Saga Brief 24 – The Northman Interview with Robert Eggers and Sjón

In this episode, John and Andy sit down with Robert Eggers and Sjón to chat about the stories behind their recently released saga-inspired film The Northman. That’s right, we’re talking to the director and co-writers of the biggest Viking film to be released since Kirk Douglas was a star! Stick around for the last 20-30 minutes where the four of us work together to put The Northman on trial Saga Thing style.


Warning: This conversation is full of spoilers from the very beginning. If you haven’t seen the film yet, you’ll want to run out and see it before listening. If you’re on the fence about seeing it, then give the episode a listen. Either way, we hope this interview will help you to better appreciate something of the process of creating a large-scale Viking epic for the 21st century and the unparalleled effort to accurately and respectfully adapt Viking Age culture and saga literature for the big screen. The attention to detail in The Northman reflects a great deal of careful research, time, and a genuine love for the rich literary tradition of the Icelandic sagas and Old Norse mythology.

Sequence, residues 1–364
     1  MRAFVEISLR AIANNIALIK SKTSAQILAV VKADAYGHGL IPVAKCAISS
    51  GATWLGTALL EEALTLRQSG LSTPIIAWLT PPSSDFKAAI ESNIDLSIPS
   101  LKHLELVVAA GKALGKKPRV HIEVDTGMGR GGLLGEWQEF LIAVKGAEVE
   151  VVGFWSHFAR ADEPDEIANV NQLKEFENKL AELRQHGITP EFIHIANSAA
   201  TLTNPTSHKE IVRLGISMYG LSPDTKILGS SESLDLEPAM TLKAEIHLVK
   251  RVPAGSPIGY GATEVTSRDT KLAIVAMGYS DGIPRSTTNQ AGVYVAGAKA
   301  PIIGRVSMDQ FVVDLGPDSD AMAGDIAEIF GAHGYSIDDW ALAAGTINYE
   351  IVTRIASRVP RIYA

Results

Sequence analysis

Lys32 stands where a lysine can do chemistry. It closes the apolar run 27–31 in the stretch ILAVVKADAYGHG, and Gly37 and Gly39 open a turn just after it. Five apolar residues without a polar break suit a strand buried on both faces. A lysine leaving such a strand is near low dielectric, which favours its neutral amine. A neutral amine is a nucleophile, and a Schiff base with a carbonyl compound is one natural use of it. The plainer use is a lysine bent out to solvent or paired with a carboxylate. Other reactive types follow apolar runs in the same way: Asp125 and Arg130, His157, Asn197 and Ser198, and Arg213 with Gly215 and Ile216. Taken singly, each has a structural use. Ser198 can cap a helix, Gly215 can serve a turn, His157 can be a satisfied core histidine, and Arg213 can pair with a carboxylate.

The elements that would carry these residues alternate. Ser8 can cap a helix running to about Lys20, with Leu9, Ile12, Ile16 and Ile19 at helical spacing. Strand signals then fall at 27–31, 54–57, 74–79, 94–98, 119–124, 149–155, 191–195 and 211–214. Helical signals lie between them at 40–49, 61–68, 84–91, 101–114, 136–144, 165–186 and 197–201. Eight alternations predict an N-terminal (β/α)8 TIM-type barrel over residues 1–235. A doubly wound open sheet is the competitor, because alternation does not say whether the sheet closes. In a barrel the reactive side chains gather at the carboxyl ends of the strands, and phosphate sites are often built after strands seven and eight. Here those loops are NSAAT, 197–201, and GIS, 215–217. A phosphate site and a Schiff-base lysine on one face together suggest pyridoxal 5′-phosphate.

Our thanks to Robert and Sjón for the generous gift of their time and good humor on the Monday morning after the film’s release. And a special thank you to Garrett for helping to set it all up.

Music Credits

Opening song – Icelandic Folk Music: Tröllaslagur

Outro – Ólafur Liljurós

Saga Brief 22: Drinking in the Viking Age and the Sagas of Icelanders (Part I: What Were They Drinking?)